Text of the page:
Flood and Fiction

Amid overlapping narratives of personal disaster, biblical apocalypse and scientific warnings of global climate change and rising sea levels, the artist becomes a character in his own fiction: Prophet, survivor, scientist, historian, and rescuer. Exploring an epic apocalyptophilia with layered nuance, Paul Roorda creates a story of the flood in art that incorporates a collection of vintage objects such as early 20th century disaster postcards, vacation photos, pages from Dante's Inferno, water safety manuals, life jackets, weather damaged notices and scientific glassware holding water from the River Styx. This project looks at the way narratives are created, documented and memorialized in various forms of text and artifact. Images repeat and reflect, are magnified or suffer damage and distortion to expose and examine the undercurrents of the societal need to dwell on disaster and the accompanying fatigue and cynicism with our most recent warnings of catastrophe.

Berlin Residency

During a residency at GlogauAIR in Berlin, I have begun to add kinetic elements to my sculpture and installations, with a particular interest in "slow" sculpture. In these works, water drips slowly and mechanical devices gradually unwind to create sculpture whose slow movements create a sense of anticipation and apprehension in viewers while at the same time test their patience as "events" in the sculpture take hours if not days to occur. By adding the element of time to the art, I hope to explore a sense of urgency about climate change as well as the opposing complacency about global change which is felt so gradually it is difficult to perceive.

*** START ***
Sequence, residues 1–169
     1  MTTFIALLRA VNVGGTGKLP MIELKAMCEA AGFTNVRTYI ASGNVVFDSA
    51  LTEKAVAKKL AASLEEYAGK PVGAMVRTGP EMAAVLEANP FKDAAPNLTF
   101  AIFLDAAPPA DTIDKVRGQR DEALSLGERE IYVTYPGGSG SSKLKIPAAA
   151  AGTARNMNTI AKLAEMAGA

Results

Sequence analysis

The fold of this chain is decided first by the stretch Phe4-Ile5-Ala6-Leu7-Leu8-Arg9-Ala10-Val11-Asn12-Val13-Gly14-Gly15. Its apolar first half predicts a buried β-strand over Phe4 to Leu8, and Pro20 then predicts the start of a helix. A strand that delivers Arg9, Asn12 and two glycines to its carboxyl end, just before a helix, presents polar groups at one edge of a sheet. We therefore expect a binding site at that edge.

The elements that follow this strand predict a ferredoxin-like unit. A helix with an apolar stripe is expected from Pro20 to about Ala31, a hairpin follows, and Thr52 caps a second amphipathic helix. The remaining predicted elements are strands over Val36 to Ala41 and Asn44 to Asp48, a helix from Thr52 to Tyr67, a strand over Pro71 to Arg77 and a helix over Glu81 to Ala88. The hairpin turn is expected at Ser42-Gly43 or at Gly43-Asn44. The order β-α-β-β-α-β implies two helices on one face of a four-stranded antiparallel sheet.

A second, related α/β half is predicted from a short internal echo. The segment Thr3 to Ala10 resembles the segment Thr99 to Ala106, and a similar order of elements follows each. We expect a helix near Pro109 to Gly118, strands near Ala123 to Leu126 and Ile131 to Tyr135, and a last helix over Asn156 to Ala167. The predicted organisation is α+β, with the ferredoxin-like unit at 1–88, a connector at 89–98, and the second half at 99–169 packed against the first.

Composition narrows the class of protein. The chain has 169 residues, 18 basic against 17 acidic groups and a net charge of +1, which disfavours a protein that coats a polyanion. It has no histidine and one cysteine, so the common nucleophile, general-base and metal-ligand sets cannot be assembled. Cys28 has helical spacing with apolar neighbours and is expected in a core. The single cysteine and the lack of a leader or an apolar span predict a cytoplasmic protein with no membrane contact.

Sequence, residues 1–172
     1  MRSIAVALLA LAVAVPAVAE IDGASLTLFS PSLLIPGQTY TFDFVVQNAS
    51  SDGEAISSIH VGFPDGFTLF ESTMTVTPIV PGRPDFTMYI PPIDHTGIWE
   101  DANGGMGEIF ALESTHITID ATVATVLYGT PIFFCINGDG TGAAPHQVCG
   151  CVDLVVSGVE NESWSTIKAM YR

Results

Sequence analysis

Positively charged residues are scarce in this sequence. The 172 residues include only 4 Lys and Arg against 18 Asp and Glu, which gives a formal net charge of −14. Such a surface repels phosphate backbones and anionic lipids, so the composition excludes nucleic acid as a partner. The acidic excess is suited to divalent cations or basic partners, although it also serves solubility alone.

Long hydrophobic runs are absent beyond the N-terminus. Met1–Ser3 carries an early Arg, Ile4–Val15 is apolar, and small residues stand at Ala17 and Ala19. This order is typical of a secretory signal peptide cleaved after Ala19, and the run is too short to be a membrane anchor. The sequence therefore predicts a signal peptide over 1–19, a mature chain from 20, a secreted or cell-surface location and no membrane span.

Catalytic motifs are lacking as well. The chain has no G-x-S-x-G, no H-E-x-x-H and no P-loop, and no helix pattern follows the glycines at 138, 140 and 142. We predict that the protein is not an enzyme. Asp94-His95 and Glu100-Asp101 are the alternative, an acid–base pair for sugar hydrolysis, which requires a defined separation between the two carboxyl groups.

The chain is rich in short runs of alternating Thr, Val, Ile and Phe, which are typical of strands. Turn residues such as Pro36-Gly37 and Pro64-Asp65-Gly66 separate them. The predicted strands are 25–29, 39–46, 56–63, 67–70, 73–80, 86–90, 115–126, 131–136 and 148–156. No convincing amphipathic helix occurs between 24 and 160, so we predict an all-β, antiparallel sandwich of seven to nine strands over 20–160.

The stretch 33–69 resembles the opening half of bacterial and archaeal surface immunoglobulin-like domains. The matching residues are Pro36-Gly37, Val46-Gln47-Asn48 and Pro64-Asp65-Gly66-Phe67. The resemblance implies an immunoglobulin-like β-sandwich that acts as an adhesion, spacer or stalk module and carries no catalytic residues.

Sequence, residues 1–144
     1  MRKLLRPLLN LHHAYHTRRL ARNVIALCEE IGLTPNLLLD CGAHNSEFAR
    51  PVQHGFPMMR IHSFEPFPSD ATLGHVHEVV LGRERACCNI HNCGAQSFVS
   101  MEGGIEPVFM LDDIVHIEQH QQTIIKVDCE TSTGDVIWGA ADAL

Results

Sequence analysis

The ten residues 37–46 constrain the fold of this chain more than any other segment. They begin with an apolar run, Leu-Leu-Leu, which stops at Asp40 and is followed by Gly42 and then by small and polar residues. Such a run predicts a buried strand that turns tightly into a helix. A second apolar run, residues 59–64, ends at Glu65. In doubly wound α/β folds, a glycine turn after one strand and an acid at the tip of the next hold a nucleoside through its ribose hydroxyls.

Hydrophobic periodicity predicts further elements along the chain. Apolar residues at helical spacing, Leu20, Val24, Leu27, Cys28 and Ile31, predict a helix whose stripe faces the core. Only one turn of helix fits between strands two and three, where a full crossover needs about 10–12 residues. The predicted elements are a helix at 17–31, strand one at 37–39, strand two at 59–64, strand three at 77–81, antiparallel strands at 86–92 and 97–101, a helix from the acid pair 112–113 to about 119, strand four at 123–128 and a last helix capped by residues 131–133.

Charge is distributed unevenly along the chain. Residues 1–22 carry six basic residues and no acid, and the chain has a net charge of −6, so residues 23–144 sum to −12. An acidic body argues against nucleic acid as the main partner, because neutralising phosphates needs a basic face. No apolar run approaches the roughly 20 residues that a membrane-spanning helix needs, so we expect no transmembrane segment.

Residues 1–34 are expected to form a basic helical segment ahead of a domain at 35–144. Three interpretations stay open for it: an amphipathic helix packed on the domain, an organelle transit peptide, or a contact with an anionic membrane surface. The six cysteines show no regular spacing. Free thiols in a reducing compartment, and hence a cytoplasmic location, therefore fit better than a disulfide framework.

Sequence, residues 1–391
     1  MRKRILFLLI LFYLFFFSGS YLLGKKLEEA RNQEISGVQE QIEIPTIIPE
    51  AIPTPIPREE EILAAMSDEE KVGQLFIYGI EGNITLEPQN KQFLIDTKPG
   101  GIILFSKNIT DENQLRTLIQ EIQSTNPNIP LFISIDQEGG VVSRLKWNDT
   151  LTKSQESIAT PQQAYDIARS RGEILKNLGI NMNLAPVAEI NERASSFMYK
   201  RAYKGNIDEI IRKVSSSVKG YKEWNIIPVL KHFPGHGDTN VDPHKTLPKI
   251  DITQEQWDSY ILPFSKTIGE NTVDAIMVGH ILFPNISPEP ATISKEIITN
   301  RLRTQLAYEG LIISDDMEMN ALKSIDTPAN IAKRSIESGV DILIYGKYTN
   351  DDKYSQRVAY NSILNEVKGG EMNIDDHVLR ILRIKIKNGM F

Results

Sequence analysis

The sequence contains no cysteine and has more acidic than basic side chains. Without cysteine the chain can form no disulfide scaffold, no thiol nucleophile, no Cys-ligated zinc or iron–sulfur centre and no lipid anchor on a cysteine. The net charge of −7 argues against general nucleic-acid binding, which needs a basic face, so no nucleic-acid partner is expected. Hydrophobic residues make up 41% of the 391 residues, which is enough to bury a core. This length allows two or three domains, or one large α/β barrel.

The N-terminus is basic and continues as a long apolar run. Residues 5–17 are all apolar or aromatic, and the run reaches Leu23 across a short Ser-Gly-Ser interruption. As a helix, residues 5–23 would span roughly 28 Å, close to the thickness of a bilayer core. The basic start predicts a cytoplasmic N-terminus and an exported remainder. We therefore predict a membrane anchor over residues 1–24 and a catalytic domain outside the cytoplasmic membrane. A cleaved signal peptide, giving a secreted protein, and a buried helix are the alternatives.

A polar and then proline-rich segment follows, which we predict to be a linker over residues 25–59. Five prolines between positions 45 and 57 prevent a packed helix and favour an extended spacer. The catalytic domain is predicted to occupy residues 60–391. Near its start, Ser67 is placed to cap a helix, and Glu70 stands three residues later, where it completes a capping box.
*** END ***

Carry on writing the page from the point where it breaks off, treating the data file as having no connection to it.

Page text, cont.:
The End of the Book

Using ashes, gold leaf and discarded texts, the work in this exhibition transforms traditional Christian art and ritual by creating ceremonial vessels, reliquaries and icons which reflect a neo-liturgical approach to the disposal of aged and damaged sacred texts. Deeply meaningful elements such as gold, eggs, fire and beeswax, are used in ways that transform the book and along with it, our notions of the place of faith in society. This work pushes artistic technique and Christian ritual practice past their usual boundaries to create post-devotional, conceptual liturgical art. The art recalls religious acts of devotion yet, at the same time, points to the loss of what is held as sacred. Each creative work is also an act of destruction. Beauty embraces its shadow. Each sincere moment is betrayed by duplicity. This art draws attention to the absence of an authoritative ritualized tradition for the disposal of sacred text in Christianity and in creating new rituals it fills a liturgical void with uneasy possibility.

Take Notice/Sky Notice